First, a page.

Because the hype around Alex Morgan always cast her the next big U.S. Women’s National Team thing, it’s easy to overlook how far she’s come in the last year. While her performance on the field and dalliance with crossover celebrity make he one of the brightest stars in the women’s soccer universe, just over one year ago, she didn’t have a starting spot in Pia Sundhage’s starting XI. Morgan may have been destined for stardom, but this is no overnight success story.
Morgan didn’t make her first senior national team appearance until 2010, when she was a senior at the University of California. At Berkeley, she was all Pac-10 in each of her final three seasons, she wasn’t named an All-American until her senior year. It’s a resume that would be the envy of most NCAA talents, but for an aspiring national teamer, her collegiate accomplishments were par for the course.
Take, for instance, Kelley O’Hara, who graduated from Stanford the year before Morgan was finished at Cal. O’Hara was a MAC Hermann Trophy winner, two-time All-American, and led her team to two College Cups. Though Morgan’s stand out performance at the 2008 U-20 World Cup may have given he some unique national team cache, O’Hara’s 24 career U-20 goals are more impressive.
It all underscores the remarkable nature of Morgan’s rise. Trying to break into a national team ranked number one in the world, spots were almost non-existent for Morgan’s generation. Tobin Heath had been involved, though only a bit. Lauren Cheney and O’Hara were having to change positions to find time. Decorated players like Meghan Klingenberg, Christen Press and Whitney Engen weren’t even in the picture. That Morgan carved out a role as a late-match substitute ahead of Germany 2011 was huge, under-appreciated accomplishment.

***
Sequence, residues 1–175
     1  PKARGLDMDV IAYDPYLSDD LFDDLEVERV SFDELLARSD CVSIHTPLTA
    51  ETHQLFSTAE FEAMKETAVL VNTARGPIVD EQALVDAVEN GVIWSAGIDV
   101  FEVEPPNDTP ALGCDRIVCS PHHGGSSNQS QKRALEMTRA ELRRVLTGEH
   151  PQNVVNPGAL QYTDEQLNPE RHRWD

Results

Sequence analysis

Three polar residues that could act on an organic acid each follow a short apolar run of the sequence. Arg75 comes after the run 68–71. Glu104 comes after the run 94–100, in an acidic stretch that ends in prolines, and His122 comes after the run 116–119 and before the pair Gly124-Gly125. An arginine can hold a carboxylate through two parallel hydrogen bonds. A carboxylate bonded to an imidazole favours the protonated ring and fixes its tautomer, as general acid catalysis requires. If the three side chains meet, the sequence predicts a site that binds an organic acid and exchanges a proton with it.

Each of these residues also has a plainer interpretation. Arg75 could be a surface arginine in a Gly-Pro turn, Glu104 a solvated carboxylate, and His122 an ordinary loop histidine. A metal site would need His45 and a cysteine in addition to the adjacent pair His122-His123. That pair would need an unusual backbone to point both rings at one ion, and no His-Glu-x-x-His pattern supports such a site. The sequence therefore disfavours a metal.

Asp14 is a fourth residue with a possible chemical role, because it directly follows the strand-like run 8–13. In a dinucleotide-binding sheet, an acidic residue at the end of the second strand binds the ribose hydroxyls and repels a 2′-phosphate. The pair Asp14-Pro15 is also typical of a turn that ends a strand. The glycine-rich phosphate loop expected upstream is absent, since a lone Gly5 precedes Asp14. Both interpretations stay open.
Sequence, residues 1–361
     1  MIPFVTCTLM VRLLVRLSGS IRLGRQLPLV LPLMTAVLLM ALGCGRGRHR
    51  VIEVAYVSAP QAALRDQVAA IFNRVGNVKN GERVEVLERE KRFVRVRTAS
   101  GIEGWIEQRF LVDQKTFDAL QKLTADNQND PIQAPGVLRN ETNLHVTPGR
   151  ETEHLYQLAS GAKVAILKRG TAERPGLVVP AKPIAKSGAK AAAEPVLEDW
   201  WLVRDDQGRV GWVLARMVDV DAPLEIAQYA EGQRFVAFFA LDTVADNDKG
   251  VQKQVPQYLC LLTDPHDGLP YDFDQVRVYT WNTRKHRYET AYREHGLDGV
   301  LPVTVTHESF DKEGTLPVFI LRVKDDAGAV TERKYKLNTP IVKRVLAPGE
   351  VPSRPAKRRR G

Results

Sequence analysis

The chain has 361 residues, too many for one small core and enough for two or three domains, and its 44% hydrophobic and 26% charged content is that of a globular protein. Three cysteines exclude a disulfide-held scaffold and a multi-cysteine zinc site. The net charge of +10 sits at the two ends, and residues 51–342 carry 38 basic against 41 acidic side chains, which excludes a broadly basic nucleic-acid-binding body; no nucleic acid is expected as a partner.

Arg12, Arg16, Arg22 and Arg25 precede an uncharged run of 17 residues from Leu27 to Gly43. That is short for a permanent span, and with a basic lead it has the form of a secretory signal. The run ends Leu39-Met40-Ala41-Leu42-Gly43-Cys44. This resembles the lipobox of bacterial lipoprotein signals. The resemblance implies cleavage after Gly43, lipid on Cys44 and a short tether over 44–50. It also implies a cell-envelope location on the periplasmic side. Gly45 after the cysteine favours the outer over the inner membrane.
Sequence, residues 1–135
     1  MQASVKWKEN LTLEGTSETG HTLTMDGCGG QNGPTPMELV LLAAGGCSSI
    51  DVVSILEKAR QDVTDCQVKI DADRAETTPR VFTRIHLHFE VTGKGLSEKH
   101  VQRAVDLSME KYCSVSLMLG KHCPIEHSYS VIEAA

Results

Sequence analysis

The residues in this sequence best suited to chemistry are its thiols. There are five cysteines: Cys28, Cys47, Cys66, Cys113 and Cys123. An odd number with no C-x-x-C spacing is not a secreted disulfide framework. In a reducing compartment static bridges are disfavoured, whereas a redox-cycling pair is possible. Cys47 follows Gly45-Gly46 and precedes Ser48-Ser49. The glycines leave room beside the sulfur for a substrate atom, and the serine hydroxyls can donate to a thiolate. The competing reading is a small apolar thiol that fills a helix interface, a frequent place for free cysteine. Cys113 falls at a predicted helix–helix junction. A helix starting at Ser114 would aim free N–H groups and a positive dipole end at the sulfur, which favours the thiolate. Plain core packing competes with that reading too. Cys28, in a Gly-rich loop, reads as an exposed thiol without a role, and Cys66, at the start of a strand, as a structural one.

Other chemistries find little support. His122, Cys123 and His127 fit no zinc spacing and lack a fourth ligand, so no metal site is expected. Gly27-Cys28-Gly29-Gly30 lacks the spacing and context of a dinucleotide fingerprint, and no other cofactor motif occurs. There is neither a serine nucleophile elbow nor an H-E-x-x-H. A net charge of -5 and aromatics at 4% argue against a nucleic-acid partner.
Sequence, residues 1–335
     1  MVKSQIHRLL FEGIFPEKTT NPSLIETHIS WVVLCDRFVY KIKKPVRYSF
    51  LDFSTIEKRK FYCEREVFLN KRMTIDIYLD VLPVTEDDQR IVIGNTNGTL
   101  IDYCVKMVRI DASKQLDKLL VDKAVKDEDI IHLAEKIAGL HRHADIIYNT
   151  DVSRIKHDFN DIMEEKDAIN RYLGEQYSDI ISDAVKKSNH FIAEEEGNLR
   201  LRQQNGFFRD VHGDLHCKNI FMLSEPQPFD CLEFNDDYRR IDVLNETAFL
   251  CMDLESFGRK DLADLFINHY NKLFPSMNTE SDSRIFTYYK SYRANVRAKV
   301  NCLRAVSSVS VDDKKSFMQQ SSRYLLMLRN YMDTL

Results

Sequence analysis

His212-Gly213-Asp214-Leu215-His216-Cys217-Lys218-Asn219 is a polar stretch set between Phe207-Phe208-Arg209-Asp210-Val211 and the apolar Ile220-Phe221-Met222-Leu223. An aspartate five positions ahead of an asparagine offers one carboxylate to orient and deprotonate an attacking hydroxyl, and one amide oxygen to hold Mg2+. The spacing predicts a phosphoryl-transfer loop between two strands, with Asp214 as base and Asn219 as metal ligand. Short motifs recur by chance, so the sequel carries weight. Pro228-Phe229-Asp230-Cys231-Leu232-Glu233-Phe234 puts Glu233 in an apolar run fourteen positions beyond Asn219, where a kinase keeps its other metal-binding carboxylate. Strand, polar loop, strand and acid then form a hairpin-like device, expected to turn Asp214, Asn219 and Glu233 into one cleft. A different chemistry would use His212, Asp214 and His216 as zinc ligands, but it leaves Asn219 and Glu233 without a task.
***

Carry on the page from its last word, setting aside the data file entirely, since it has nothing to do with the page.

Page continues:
By the end of 2011’s World Cup, Morgan had broken into the starting XI, her production finally forcing Pia Sundhage’s hand on Amy Rodriguez, who had been partnering Abby Wambach. At the time, it was unclear what would have to happen for Rodriguez to be usurped. Morgan’s rise made Sundhage’s choice clear.
Since, Morgan has established herself as first choice, running her international goal total to 29 (in 43 games) thanks to two goals to open the 2012 Summer Olympics. Her speed constantly threatening the spaces behind opposing defenses, Morgan’s place in the U.S.’s starting XI has allowed Sundhage to take advantage of Wambach’s playmaking abilities without losing a presence along the opposition line. It’s a small tweak, but it’s one that could prolong Wambach’s use with the national team, the wars with opposing defenders starting to take their toll.
The ease with which Morgan’s slipped into her role makes it seem like she’s been there forever. Of course, she hasn’t. Not so long ago, Morgan was the change of pace – somebody who Pia Sundhage could turn to when Plan A hit a wall. Now, Morgan’s goals are one of the keys to Plan A.
Alex Morgan’s path to London is highlighted in AT&T’s “My Journey” series, spotlighting the road seven U.S. starts took to this summer’s Olympic games:
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